"Eldric, I am very convinced that it is your handwriting. Notice how you wrote your name." Sascha explained.
"Why will I write this to myself?" Eldric insisted.
"How would I know?" Sascha answered. "So, why would someone write this thing? That’s the question!"
"Maybe someone sent this note to assure that this outskirt will be unharmed tonight." Sophie came up with some form of hope. The torch flickered in this gloomy chamber.
"But why would these Nazi soldiers lie to us?" Sascha dissented. "It had placed people's lives in danger and caused their school to be overrun with Judeans."
"So I am counting it as a bit of mischief," Eldric finished. "Talking about people’s lives, my father is dodging death."
Eldric left the room and walked towards the male’s toilets. There were two large open windows in the toilet, just enough to offer an ideal getaway if students were tired with the chalkboard teachings. Eldric never had to consider about leaving from school when he was a student. He never backed the act either. When his old classmate Seppel couldn’t maintain his explanation of being unwell during Mr. Berger’s momentum lesson, he would ask his favourite pupil to act on his behalf. Eldric never backed him out. The wide window was really an excellent alternative for bunking the classroom, as no one cared to even hike in the Jungdorf forest.
As Eldric ran through the stormy streets of Vielist, he heard the deafening sound of approaching airbombs getting louder and louder. The people of Vielist were still in danger, and Eldric's heart raced with fear. Would he find his father in time, and would they and the people of Vielist both be safe before the bombs fell?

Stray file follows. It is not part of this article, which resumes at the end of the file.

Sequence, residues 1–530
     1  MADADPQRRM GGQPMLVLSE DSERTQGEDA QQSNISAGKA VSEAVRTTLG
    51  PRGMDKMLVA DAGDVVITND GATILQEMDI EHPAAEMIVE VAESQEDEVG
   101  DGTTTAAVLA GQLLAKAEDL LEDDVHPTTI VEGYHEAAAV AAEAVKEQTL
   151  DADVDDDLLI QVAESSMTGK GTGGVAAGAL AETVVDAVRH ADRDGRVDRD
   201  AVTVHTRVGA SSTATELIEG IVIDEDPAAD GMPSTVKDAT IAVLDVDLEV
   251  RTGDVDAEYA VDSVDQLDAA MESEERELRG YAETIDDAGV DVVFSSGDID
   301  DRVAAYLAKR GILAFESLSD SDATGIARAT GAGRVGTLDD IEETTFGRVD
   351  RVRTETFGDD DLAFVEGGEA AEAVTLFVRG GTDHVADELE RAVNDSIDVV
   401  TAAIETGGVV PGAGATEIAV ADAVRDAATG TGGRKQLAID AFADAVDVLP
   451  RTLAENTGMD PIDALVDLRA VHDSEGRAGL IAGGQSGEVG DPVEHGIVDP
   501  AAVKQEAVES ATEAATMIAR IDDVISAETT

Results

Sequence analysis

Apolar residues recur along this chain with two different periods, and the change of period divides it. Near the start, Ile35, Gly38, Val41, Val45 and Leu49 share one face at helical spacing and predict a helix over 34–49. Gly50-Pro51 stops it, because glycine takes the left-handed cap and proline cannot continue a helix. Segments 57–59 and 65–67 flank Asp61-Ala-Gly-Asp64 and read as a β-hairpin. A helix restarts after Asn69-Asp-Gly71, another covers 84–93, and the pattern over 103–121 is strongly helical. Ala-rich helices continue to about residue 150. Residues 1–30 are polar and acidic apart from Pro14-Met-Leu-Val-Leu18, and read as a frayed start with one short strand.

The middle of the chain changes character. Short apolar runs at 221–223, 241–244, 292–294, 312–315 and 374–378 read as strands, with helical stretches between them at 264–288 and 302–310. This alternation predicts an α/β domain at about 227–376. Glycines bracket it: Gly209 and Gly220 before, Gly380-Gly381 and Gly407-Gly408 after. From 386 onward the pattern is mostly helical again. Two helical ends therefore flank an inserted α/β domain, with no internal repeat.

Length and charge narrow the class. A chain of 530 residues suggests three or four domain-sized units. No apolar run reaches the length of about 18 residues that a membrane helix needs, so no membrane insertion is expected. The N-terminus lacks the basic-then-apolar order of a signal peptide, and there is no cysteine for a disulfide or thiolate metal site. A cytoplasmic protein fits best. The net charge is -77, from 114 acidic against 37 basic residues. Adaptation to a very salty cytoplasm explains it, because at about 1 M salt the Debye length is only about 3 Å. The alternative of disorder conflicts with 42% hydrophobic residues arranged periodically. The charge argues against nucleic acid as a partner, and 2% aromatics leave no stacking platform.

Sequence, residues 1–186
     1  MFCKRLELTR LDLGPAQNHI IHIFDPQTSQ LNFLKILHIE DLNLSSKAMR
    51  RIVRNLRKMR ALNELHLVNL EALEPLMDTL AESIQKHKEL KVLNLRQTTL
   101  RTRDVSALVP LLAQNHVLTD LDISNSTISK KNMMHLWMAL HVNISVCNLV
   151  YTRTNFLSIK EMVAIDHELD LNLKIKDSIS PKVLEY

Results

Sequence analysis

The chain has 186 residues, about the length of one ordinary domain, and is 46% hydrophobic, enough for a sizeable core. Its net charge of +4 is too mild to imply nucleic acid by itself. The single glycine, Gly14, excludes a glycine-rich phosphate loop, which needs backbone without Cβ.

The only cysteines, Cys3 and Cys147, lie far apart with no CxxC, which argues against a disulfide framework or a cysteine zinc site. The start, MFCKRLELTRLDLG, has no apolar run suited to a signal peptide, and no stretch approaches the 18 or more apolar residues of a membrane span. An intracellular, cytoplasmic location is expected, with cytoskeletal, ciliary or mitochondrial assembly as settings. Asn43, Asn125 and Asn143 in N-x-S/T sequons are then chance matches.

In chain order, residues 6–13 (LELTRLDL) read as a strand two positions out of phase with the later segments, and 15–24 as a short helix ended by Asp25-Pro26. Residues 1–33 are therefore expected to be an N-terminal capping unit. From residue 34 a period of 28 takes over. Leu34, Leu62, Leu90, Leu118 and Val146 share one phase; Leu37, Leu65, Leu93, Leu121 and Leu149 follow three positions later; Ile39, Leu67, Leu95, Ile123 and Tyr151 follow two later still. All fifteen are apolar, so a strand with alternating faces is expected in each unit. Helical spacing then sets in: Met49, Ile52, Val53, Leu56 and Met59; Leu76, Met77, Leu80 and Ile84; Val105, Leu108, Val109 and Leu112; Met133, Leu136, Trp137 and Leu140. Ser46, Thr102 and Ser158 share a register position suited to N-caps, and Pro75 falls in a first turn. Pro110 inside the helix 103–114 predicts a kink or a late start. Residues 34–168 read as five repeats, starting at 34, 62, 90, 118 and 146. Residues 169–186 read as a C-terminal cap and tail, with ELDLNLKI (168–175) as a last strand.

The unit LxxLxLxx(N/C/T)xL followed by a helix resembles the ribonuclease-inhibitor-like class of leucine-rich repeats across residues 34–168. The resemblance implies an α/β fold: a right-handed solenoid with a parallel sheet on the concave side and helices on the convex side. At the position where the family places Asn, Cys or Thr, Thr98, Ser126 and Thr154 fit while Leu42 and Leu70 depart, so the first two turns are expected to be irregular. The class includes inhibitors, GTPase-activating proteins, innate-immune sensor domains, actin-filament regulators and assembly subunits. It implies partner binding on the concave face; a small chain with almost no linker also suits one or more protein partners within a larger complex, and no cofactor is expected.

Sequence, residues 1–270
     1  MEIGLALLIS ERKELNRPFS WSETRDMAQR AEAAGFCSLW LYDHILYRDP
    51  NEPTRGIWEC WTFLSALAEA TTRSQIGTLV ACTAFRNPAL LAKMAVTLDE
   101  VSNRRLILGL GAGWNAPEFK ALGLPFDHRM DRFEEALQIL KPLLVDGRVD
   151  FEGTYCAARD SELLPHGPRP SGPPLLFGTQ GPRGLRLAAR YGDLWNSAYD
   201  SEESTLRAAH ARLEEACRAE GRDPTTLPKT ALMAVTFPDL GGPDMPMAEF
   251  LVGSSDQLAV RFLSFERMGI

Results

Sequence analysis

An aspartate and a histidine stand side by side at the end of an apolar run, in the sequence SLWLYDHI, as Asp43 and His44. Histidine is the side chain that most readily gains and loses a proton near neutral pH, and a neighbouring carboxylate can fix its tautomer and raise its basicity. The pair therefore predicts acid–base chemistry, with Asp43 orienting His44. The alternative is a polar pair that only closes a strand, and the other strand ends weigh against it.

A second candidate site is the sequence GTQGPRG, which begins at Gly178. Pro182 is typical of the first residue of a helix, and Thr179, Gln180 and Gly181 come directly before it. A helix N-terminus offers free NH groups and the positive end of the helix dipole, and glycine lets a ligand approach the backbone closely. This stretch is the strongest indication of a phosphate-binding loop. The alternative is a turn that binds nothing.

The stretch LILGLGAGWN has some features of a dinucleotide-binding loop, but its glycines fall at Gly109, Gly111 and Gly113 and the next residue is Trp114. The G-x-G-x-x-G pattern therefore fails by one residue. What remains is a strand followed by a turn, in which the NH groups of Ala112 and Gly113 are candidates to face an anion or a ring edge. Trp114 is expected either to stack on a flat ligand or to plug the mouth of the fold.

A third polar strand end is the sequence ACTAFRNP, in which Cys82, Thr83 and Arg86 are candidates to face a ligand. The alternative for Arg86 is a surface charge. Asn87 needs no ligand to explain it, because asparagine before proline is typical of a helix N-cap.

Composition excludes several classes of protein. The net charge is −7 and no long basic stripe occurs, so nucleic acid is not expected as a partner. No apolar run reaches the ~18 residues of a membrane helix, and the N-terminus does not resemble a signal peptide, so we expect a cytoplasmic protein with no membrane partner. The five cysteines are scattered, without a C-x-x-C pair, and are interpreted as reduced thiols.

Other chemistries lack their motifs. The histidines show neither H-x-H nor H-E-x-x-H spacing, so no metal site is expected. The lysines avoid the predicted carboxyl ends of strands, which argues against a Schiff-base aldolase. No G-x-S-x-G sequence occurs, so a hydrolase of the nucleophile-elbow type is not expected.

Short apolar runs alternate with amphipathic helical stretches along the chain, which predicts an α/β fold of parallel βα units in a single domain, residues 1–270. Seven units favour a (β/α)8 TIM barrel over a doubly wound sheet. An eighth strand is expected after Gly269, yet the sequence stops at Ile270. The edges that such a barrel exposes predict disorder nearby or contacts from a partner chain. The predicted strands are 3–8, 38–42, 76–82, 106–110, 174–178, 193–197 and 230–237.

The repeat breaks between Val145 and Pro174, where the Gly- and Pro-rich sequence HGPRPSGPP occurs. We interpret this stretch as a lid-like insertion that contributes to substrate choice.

Please come and visit "In Search Of Eldric's Father III" at Wednesday 12 a.m. PST
The journey of Eldric Voigt, a young man with a brilliant mind and a wretched life. Despite his academic prowess, Eldric finds himself at a disadvantage in a society led by the Nazi regime, as he struggles with geopolitics and literature. When his chance to become a future leader is thwarted, he drops out of the prestigious school that molded the minds of the country's elite, leaving him feeling cursed by his prodigious abilities.
But when the Allies' bombings and refugees threaten the Nazi school's plans, Eldric is forced to return and participate in the classes he once found tedious. Desperate to fit in and hide his true beliefs, Eldric makes a fateful decision that will haunt him for decades.
Fast forward twenty years, and Eldric is given the opportunity to right his wrong decisions by traveling back to the past. Will he be able to change his fate and that of his friends, or is he doomed to repeat his mistakes? "War About to End" is a gripping tale of redemption, time travel, and the price of ambition in the face of tyranny.
(Disclaimer: While this story may fall within the genre of "historical fiction" and be situated within a significant period of human history, it is important to clarify that the characters, narrative, and setting are entirely fictionalized and bear no connection to actual events. It is crucial to acknowledge that the story effectively portrays the essence of human nature and its responses to the given circumstances.)